Emotion regulation and obesity
|Date:||28 October 2021|
After using some data on obesity for an applied statistics course, it struck me that obesity is a good topic to research what really interests me: the intersection between psychological and physical health.
Obesity is an epidemic that has become a global issue. Research shows that diets often backfire and people end up gaining even more weight. To help people lose weight, a psychological approach could prove to be more effective. So my thesis topic became: the impact of emotions and different emotion regulation strategies on eating behaviour in women with a healthy weight and in women with obesity.
My own research project
I could have studied existing data, but I wanted to do my own project. I aspired to do a PhD after my master's and wanted to go through the whole process from data collection to the finished paper. I reached out to the professor whose data got me on the subject and she agreed to supervise my project.
One hundred women with a healthy weight and one hundred women with obesity filled out one initial questionnaire with questions on emotion regulation, eating disorder behaviours and weight. They also filled out a two-minute daily life questionnaire, seven days a week, five times a day. This experience sampling method gets you more ecologically valid data. Analyzing that data was the most challenging part of my research, but the results were interesting.
Negative emotions did not impact food intake
In the general questionnaire there was no difference in emotion regulation between the two groups, but in the daily life questionnaire obese women showed less adaptive emotional regulation strategies. Adaptive emotion regulation strategies lead to behaviour that is in line with long term goals (e.g. maintaining a healthy weight). In both groups negative emotions did not have an impact on food intake, but positive emotions did! Positive emotions caused more unhealthy food choices and more taste-driven eating. It is possible that, since some people eat more and some people eat less due to negative emotions, those behaviours cancelled each other out in my study.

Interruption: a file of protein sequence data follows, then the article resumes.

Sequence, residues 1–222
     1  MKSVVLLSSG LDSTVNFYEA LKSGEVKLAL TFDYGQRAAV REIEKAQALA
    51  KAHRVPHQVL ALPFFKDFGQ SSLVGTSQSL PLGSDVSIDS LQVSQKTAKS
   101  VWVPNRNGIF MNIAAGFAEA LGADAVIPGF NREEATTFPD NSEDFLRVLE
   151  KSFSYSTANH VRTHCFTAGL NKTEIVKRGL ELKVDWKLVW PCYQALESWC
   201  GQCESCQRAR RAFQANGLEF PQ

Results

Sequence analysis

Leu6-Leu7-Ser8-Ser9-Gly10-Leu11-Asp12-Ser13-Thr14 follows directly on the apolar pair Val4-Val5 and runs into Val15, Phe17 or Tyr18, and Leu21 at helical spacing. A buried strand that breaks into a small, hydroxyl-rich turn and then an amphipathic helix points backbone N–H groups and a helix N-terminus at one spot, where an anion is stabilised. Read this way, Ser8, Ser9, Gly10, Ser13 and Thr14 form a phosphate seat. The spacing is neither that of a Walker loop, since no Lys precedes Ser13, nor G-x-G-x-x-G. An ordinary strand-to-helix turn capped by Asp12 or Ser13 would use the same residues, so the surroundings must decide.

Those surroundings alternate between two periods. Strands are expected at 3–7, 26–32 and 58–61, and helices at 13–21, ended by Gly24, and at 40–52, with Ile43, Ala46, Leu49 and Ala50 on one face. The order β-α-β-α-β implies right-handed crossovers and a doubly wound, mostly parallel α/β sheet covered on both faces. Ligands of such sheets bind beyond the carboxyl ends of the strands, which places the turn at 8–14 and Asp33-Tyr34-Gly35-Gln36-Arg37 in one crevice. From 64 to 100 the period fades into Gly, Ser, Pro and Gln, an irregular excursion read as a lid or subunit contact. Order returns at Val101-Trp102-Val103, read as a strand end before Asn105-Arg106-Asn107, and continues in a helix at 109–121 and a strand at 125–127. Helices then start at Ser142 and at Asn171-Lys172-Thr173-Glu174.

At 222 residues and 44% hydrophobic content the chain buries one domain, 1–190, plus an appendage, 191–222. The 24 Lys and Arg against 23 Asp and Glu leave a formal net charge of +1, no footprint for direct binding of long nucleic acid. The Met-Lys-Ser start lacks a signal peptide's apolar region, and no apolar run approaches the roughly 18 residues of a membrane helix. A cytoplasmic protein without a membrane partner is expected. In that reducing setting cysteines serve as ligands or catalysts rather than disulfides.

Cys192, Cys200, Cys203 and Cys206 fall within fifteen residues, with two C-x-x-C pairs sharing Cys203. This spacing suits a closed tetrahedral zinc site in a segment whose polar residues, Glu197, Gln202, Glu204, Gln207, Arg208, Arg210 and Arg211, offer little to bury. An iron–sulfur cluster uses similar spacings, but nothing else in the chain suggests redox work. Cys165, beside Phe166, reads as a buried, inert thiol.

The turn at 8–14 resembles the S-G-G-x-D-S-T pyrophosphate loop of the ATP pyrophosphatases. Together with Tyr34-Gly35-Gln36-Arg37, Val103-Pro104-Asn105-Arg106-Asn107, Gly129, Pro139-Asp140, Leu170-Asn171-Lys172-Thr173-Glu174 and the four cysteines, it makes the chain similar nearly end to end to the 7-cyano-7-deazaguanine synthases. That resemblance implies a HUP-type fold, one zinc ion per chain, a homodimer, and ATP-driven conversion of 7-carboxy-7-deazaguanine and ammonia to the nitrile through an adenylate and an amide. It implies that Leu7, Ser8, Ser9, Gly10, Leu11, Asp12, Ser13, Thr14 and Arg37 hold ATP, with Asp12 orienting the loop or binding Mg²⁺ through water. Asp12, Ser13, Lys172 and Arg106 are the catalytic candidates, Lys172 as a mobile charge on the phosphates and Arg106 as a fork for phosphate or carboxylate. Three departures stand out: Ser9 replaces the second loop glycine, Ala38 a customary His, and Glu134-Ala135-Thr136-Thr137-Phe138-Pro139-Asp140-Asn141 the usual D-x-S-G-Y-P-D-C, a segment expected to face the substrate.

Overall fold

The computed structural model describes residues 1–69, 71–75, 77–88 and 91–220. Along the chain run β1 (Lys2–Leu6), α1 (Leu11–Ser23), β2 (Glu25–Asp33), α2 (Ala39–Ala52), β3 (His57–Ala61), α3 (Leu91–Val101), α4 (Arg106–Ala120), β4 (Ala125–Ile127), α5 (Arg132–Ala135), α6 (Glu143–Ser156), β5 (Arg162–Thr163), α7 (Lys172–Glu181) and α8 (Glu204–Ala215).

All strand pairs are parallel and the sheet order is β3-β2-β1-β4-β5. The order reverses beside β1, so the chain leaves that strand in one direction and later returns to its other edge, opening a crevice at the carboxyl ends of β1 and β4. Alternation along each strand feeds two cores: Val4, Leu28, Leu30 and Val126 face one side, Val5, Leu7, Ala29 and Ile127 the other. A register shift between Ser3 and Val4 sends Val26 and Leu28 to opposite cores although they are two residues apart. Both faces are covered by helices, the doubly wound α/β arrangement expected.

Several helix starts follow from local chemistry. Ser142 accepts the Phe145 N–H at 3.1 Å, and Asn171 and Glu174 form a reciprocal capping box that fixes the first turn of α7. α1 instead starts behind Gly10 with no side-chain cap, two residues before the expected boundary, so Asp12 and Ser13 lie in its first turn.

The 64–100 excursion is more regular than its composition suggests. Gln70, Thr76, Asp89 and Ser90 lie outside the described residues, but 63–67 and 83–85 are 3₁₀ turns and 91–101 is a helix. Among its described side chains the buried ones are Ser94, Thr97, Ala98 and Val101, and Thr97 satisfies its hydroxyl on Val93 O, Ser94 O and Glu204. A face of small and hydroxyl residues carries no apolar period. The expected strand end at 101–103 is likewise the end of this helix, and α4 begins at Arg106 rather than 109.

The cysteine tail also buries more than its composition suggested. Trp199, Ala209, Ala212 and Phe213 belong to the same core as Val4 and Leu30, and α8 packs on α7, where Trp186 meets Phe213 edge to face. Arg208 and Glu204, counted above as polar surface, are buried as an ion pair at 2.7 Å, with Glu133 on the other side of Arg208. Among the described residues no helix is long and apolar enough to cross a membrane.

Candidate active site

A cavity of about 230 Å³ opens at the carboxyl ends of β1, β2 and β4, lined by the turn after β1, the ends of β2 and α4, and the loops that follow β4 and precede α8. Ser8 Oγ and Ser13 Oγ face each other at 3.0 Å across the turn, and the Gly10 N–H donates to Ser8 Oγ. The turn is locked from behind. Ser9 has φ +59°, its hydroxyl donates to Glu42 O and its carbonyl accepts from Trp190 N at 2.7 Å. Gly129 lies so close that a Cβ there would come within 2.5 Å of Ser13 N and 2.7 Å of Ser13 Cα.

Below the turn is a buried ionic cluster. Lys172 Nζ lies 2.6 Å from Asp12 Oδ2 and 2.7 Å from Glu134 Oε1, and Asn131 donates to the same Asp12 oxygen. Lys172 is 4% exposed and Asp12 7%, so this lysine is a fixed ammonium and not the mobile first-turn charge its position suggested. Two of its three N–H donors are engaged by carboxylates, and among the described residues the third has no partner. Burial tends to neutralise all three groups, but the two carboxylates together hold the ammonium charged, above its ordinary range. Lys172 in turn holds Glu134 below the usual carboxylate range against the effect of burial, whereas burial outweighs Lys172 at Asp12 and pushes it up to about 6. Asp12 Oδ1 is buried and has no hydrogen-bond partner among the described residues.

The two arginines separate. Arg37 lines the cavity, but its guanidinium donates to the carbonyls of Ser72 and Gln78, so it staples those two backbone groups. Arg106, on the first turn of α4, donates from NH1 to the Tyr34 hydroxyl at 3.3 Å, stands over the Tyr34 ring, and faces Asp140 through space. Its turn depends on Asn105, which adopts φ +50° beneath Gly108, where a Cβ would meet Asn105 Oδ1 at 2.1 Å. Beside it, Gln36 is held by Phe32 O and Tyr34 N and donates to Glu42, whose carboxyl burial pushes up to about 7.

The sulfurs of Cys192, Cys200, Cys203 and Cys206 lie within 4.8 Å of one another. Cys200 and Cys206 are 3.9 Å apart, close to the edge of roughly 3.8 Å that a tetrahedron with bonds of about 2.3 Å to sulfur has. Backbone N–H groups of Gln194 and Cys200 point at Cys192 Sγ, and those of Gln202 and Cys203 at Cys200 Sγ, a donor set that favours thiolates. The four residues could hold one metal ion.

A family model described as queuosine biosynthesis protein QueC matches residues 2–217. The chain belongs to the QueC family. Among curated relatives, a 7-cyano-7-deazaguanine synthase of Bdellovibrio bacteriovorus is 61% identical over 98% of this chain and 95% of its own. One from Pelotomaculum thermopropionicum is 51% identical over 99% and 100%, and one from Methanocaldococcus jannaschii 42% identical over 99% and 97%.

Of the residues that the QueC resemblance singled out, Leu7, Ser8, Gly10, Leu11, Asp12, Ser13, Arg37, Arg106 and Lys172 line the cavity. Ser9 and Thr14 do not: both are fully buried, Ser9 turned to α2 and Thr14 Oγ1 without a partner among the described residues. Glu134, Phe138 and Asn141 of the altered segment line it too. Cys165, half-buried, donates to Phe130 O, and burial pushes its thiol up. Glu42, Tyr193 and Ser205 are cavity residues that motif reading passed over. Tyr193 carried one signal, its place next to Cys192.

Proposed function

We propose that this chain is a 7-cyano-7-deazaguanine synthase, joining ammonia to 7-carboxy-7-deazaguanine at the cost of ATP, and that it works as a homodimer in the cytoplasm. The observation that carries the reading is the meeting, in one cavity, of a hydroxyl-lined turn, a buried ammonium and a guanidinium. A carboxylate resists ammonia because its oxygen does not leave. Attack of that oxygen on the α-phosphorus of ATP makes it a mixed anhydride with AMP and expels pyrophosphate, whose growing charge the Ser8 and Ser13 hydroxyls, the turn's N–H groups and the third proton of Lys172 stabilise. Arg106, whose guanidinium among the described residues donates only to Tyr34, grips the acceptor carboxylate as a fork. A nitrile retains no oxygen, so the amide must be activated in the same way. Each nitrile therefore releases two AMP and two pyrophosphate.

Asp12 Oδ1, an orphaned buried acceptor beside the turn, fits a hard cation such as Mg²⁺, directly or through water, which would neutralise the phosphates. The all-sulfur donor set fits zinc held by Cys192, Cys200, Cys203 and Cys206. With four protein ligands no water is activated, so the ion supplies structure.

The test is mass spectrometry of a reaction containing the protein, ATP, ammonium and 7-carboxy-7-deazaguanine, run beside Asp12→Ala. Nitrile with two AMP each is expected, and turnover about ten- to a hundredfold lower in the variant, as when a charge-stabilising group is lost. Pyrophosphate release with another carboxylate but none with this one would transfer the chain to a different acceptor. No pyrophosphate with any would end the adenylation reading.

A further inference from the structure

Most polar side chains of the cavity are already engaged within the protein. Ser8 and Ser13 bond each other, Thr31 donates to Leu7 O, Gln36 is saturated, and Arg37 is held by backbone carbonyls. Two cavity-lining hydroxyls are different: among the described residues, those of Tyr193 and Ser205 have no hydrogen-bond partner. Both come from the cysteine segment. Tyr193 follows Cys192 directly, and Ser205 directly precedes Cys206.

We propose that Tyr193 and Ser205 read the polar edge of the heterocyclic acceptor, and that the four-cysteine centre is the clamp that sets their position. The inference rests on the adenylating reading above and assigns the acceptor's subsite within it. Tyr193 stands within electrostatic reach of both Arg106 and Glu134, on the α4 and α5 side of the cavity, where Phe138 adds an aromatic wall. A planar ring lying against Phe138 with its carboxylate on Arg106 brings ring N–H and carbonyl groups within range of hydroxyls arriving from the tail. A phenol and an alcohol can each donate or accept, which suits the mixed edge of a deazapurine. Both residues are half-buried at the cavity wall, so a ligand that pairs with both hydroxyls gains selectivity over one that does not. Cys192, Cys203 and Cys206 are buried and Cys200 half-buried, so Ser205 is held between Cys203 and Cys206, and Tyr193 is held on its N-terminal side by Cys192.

We did not expect adaptive emotion regulation strategies to lead to overeating in both groups. A potential reason for that could be the way in which we characterized emotion regulation in our study. We had participants score a list of emotion regulation scores (e.g. suppression, rumination, distraction) and categorized these as adaptive or maladaptive. However, research shows that there may be no such thing as adaptive or maladaptive in strategies, but that it depends on context. Another explanation for this finding could be that people with obesity are less sensitive to feeling gastric distension, and are not so good at determining when they have overeaten.
Positive emotion regulation
According to this study, people are more likely to eat more when they feel better. They eat to boost or at least keep that positive feeling. Helping them to manage other ways of feeling better could help them decrease food intake. Indeed, emotion regulation can also be applied to positive emotions and this may be useful in weight loss treatments.
More research is needed on emotion regulation strategies. There are therapies that target emotion regulation that are, particularly for binge eating disorder, effective. But according to my study, we don’t know if targeting emotion regulation is needed for people with obesity in general. We didn’t find an effect of emotion regulation on food intake. Also, there is not much research on positive emotions leading to increased eating, so it is important that this is explored more.
What I learned from my research master is that it takes a lot to plan and run a study and get the outcomes and that I really enjoy research and academic writing. In my PhD, which I started a few weeks ago, we will follow up on the results. In particular we will take into account (dietary) restraint status, which was not in this study. It would be interesting to have more experience sampling data, next to the lab studies and the longitudinal study we have planned. My master’s thesis might very well be the first chapter of my PhD thesis.
About the author
Megane (24, Belgian-American) was born in Belgium and obtained a Bachelor’s degree in Psychology in the US. She wanted to return to Europe to do her master’s in Belgium or the Netherlands. She chose the UG Research Master’s specialisation clinical psychology in the theme Deficits, Distress, and Disorders.